- About Us
Controversy still boils over proposed Northshore development
An 860-home residential development to replace the Northshore Golf Course is still in the works — and troublesome to the City of Tacoma and its neighbors.
Northshore Investors LLC is proposing to construct The Point at Northshore. Kitsap County Superior Court Judge Russell Hartman ruled in February that a 1979 draft environmental impact study and a 1981 environmental impact study, both applying to the 116-acre golf course at Federal Way's southwestern boundary, 4101 North Shore Boulevard N.E. and 1611 Browns Point Boulevard N.E., can be used in evaluating the developer's building application.
Earlier this month, Tacoma released a draft supplemental environmental impact study (DSEIS), which is meant to accompany the 30-year-old documents, pointing out areas of concern that have surfaced since 1981. The DSEIS is part of the State Environmental Policy Act, which identifies fields that are going to be impacted by development, but don't have specific state or local codes by which to judge the impacts, said Jennifer Ward, City of Tacoma land use administration supervisor. The DSEIS addresses aesthetics, transportation and schools, among other interests expected to be addressed through Tacoma's municipal code.
The Point at Northshore
The development will include 366 single-family homes and 494 townhomes. Public streets and private access ways, utilities, landscaping, pedestrian paths and open space are included in the plan, according to the DSEIS. Construction will occur in phases — beginning in 2010 and lasting through 2014.
DSEIS areas of concern
Aesthetics near the golf course will be diversely altered. The development, as proposed, will block neighboring residential views of the golf course and Mount Rainier, according to the DSEIS. Many residents near the golf course are upset because they expected their homes would always border the open space.
Additional traffic is another matter. The residents occupying The Point at Northshore are expected to make 5,330 average daily commutes on the surrounding roadways, according to the DSEIS. A 2007 Transportation Concurrency Analysis, prepared by Federal Way, identifies 23 Federal Way Transportation Improvement Plan projects that will be impacted by the development, according to the DSEIS.
Available school space also poses problems. The Tacoma School District identified current capacity and enrollment at schools near the proposed development. The district showed little room to accommodate residents of The Point at Northshore.
"There is insufficient space at the middle and high schools in the project vicinity. In addition, there is limited available space at elementary schools," according to the DSEIS.
The City of Tacoma's DSEIS identifies land use compatibility as another concern. In 1981, when forming the North Shore County Club Estates, a residential development surrounding the golf course, the city rezoned the property, making it a planned residential development district (PRD). The rezone was reliant on the golf course as open space, Ward said.
"The applicant shall submit a legal agreement, which is binding upon all parties and which may be enforced by the City of Tacoma. It should provide that the property in question will maintain and always have the use of the adjacent golf course for its open space and density requirement, which has been relied upon by the applicant in securing approval of this request," according to the March 2, 1981, hearing examiner's ruling.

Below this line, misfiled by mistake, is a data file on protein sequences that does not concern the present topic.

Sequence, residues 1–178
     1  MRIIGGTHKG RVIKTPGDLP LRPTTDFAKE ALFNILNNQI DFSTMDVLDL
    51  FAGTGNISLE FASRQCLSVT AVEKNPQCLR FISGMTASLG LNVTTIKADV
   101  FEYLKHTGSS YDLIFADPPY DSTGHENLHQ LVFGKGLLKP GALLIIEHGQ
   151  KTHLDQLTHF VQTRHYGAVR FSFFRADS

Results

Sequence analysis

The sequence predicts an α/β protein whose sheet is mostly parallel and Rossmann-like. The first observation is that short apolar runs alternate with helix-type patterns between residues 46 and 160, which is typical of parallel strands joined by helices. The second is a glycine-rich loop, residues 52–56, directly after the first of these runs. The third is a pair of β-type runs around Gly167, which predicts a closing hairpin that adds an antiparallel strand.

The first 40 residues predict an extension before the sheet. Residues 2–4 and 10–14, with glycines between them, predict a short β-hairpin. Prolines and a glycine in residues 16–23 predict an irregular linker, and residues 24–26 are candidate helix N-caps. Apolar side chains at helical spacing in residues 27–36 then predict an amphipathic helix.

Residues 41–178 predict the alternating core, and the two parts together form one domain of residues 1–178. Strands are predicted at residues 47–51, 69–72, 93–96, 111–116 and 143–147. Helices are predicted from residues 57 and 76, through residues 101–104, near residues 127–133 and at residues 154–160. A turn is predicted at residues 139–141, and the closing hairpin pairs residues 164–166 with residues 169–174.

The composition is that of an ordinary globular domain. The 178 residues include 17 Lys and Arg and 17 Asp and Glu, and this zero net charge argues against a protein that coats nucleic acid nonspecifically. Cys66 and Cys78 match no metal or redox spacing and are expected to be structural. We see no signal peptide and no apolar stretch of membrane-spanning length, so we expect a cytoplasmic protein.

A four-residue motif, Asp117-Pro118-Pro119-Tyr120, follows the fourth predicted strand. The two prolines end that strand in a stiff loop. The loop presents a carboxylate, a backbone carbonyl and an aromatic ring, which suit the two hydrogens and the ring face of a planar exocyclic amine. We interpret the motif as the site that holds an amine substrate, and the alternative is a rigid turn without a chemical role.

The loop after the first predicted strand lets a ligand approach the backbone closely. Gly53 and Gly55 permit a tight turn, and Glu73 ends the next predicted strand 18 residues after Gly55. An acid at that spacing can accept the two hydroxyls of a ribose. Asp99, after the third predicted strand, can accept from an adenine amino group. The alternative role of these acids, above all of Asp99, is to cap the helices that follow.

The agreement is a bit unclear, Ward said. Whether enough open space, minus the golf course, will remain after construction to satisfy the PRD is the question at hand, she said.
The same year, the owners of the golf course, Northshore Golf Associates, signed an Open Space Taxation Agreement, stating the golf course will remain a golf course and open space. Hartman's February ruling has set up the controversy to ultimately be ironed out by the Tacoma City Council, who will be asked to decide whether zoning codes should be altered to allow the construction of The Point at Northshore.
Save NE Tacoma, a grass-roots coalition of several hundred members opposed to the development, feels the city's DSEIS does not go far enough in calling for mitigations to aesthetics, land use, transportation, schools, storm water and critical areas, said Dave Radford, Save NE Tacoma spokesman. Several members of the group live in homes abutting or overlooking the golf course. The group continues to be outspoken on the building application, 1979 and 1981 environmental documents, and the 1981 PRD agreement. The group is confident a hearing examiner and city council will recognize the importance and legal obligation of keeping the golf course as open space, Radford said.
"We realize that we've got to make our case based on logic, not just emotion," Radford said. "The judge has said the 1981 (PRD) document is enforceable."
The public has until June 18 to comment on the DSEIS. If the document is appealed by the developer, it goes to a hearing examiner for a final ruling. An environmental impact study (EIS) follows. This will also have an open public comment period. A hearing examiner will then be asked to review the developer's application, using the DSEIS and EIS as supplemental documents, assuming they are not appealed or are upheld during an appeal process. The city is hopeful this hearing will take place in October, Ward said. The hearing examiner's recommendation will be passed on to the Tacoma City Council, which will determine if a rezone should occur and the developer's application should proceed.
Send public comments regarding The Point at Northshore to Jennifer Ward at:
Jennifer Ward, 747 Market Street, Room 345, Tacoma, WA 98402. Or e-mail email@example.com. The comments are read and provided to the hearing examiner and later to city council. The deadline for submittal is 5 p.m. June 18.